This could be down to other, external market factors, of course, as not every home sells for its valuation. Structural issues may have impacted the price after a sale had been agreed, for example, while the process of negotiation and the desire to achieve a quick house sale may also have driven down the price. Given that a similar property in Exeter also generated valuation discrepancies in excess of 30% last winter and the wealth of other examples where we have seen inconsistent results, there is clearly something awry that needs to be addressed.
The Pros: Why independent, Online Valuation tools should not be discounted
While these examples clearly showcase a lack of clarity in terms of valuations, they should not detract from the accessibility and choice that they deliver to aspiring vendors. In theoretical terms, they enable vendors to take greater control of their destiny in the marketplace, while also providing them with access to data that should enable them to make a more informed decision. This is part of a wider trend in the property market, where big data and property portals are empowering consumers to take a more active and knowledgable role in trading their homes.
The key is knowing how to use information to your advantage. In the case of independent and objective property valuation tools, while we may have seen alternative platforms deliver variable results it is surely the duty of the vendor or potential buyer to ensure that they have as much data as possible. This may involve using a number of alternative resources to create an average valuation, while taking into account the criteria used by each and treating all figures as estimates rather than definitive numbers.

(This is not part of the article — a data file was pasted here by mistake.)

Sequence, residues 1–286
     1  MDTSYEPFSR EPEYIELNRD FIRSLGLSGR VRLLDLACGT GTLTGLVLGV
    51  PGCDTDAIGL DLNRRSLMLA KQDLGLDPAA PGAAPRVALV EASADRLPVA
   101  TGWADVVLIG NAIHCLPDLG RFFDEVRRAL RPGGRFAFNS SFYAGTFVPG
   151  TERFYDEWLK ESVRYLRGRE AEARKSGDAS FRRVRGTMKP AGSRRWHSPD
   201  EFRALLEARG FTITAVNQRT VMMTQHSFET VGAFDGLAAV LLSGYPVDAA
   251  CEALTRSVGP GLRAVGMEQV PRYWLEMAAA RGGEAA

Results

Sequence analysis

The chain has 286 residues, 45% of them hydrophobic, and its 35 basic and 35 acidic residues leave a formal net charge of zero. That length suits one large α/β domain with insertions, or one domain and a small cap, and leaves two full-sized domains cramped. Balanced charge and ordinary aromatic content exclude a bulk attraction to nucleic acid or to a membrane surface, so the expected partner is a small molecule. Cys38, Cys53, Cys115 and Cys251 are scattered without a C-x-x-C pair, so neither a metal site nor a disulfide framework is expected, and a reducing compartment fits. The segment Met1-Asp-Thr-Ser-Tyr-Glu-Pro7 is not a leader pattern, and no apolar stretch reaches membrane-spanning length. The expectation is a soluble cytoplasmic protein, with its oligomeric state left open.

When using a huge data resource such as Zoopla, it is also important to research historical valuations and subsequent purchase prices. You should also compare similar properties in the area that you are looking to reside in, as this will help you to determine if the tool offers consistent variations where appropriate. These data sets are already available to both buyers and vendors in the current market, as property valuation tools offer a sense of empowerment and preparedness that was simply not available generations (or even years) ago.
We live in a real rather than a theoretical world, however, meaning that it is hard to completely trust even objective online property valuation tools if they continue to deliver such variable results. After all, he primary mistrust surrounds the level of disparity between alternative valuations rather than the differences by themselves, so there is clearly scope to question these tools and aim to drive more consistent pricing in the future.
Ironically, the answer may lie in the hands of estate agents, you can utilise and leverage the benefits of free online valuation tools to deliver the ideal compromise between accuracy, insight and value for money. By perhaps including free valuation tools on their website alongside the traditional method of inspecting a property, they can combine the best of both worlds and help to establish an accurate price that is deemed to be fair.
By also adapting to the demands of the modern (and not to mention accessible) market and making valuations for free, agents can move their service into the 21st century and significantly benefit their clients.